The intensity, the history and the power of these buildings is brilliantly exposed to the reader in Andrew Goodman's much needed book. In this second edition he does what no other guide to these buildings does he explains not just their architecture and their history but their place in the culture of law in London. He is a practising barrister who understands the courts and the part of London inhabited during the long working hours by the lawyer.
The late Lord Bingham of Cornhill, in his introduction to the first edition, said the abiding impression of the book's description of the buildings was continuity. He was right. This book takes the reader on a journey through the streets of London, and through the development of the law. It's a brilliant travel book. But it is much more than that. It reveals and illuminates a part of London in a way that even Dickens did not attempt in its breadth and its insight.
Me Rt. Hon. Lord Falconer of Thoroton QC London
There is something very special about London: it draws us all there as young people and its history and fascination still hold a special place in my heart. It is the history which has always spoken to me.
If you were to try to find the centre of that heart, it would for me as a retired City of London Policeman lead you to one part. This book concentrates on the City of London and its surrounds, and it was as a young Constable walking the beat that I realised that there was history in every street, indeed in every step and in the names - French Ordinary Court, London Wall and Houndsditch to name just three.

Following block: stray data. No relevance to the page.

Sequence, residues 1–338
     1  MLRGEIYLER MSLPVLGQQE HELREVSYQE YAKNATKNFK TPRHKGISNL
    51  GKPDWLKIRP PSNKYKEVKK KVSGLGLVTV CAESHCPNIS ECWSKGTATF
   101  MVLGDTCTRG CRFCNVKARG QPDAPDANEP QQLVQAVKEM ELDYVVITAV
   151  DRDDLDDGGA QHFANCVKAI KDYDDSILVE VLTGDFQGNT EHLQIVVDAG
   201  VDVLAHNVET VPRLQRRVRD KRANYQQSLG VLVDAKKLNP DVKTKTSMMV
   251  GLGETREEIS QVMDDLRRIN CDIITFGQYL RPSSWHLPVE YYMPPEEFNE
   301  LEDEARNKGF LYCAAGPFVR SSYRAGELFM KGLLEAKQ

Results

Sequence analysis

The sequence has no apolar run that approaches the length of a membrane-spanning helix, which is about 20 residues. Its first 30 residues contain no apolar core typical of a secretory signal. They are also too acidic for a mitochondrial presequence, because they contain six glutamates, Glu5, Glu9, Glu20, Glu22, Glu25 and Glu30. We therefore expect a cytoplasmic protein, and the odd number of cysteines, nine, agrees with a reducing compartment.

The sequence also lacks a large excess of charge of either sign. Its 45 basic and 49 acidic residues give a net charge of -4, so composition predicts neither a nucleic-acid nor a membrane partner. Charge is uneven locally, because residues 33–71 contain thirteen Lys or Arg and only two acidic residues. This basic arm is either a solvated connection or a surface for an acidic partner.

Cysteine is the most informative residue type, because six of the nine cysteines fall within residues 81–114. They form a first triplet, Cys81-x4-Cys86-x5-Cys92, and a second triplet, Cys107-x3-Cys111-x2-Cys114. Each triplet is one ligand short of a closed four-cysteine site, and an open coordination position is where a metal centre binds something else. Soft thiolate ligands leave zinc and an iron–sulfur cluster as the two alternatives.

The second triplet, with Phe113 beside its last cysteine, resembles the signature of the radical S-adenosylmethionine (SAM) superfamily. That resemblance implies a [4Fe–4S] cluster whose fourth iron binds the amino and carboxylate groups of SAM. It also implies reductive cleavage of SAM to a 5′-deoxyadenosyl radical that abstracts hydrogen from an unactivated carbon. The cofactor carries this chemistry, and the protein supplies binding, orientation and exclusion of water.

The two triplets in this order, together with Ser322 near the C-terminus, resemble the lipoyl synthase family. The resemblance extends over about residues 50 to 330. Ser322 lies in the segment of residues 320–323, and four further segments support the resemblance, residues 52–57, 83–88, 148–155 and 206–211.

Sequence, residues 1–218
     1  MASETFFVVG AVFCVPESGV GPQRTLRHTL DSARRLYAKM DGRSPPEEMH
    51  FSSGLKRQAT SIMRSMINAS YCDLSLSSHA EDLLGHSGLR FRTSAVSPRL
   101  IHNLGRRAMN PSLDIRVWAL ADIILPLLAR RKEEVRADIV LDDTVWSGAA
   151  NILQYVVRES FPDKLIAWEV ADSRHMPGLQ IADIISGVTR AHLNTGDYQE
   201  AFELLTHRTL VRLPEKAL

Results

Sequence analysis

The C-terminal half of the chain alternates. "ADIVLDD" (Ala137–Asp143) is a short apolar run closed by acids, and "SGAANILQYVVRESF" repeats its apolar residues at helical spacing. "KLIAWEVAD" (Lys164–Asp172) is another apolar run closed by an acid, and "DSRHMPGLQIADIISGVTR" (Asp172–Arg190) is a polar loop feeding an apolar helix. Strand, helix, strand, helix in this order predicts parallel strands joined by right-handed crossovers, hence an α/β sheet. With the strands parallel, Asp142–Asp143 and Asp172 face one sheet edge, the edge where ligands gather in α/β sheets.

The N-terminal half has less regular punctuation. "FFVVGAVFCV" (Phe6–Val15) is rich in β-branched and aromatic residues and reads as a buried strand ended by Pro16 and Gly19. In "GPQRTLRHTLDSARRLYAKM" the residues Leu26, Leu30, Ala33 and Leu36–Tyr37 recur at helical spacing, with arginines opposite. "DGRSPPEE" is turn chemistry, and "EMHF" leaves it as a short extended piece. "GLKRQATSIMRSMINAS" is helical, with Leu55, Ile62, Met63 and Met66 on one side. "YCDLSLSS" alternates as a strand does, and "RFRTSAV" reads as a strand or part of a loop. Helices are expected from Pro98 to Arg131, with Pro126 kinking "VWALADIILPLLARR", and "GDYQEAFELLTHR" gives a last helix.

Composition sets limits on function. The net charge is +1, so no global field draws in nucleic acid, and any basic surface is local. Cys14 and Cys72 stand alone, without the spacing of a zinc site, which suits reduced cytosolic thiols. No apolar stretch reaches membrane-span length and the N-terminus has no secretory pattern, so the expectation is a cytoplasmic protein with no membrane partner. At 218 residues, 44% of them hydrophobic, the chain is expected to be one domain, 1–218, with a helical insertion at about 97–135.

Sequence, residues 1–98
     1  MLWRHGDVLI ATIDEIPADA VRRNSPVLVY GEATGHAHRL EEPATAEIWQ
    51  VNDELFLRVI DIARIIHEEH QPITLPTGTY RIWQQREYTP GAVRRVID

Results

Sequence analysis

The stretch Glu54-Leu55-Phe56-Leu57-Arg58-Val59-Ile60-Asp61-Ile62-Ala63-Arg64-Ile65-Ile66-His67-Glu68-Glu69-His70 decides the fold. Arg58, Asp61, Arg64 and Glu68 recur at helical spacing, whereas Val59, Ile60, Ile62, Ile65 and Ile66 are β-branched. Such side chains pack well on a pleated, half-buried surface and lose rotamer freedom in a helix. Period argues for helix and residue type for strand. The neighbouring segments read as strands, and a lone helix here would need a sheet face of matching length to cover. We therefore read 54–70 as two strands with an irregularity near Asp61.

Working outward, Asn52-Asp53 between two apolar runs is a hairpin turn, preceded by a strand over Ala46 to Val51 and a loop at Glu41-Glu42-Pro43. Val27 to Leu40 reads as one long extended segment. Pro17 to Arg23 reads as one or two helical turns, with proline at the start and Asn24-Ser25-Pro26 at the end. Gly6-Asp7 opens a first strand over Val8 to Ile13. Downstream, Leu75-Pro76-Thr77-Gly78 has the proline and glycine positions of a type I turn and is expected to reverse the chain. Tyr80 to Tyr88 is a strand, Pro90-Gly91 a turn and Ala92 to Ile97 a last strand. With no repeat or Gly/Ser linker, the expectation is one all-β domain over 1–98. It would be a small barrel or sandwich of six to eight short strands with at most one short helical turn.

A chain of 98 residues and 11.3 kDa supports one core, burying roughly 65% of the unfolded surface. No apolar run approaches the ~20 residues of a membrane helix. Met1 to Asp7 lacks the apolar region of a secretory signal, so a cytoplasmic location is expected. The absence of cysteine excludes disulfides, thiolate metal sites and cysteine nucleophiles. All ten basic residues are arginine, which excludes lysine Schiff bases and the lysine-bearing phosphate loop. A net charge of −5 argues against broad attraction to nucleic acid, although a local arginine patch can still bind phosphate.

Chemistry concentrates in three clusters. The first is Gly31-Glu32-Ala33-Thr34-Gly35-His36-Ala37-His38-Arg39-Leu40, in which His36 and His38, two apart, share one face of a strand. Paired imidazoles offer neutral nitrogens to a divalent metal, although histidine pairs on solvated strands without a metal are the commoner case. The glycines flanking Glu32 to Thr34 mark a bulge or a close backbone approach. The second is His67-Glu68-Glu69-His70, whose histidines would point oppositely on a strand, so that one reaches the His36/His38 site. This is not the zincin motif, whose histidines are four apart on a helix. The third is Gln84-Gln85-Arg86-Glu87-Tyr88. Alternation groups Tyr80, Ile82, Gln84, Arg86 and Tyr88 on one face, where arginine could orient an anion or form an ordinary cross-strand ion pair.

The book covers nine walks, which apart from one, 'Palace of Westminster' all are either in the City of London or west of it in the City of Westminster, which were once separated by open countryside.
Walk 2, 'Strand and Southern Inns of Chancery' are wholly outside the City of London because the furthest east the walk takes us is just to Essex Street. Even Walk 3, 'The Royal Courts of Justice' keeps us west of the City, but only just because Bell Yard is right on the border. Walk 4, 'The Temple' where 'The bloody- minded Lawyers enjoy themselves' (see Page 152) and still you are not in the City of London because this is private property where none may go without permission.
Walk 5 is wholly within the City of London, 'Fleet Street to the Old Bailey', Old Bailey being the name of the street because the court is the Central Criminal Court.
Walk 6 and we are out of the City of London and again we go west to 'Chancery Lane'. Walk 7 is 'Lincoln's Inn and the Fields'. Walk 8 is in and out of the City of London, 'Holborn and the Northern Inn of Chancery' and we visit Inns that no longer exist, Staple Inn, Furnival's Inn was an Inn of Chancery which formerly stood on the site of the present Holborn Bars building, the former Prudential Insurance Company building, Barnard's Inn which was badly damaged during the Gordon Riots in 1780 and Thavies Inn . Our last walk is 'Gray's Inn' the most northerly.
I am not surprised the first edition sold out, the photography is stunning and I believe this edition too will become a collectors' item, but more importantly for me it will take its place alongside my other books on London, because, 'when a man is tired of London he is tired of life'. Samuel Johnson.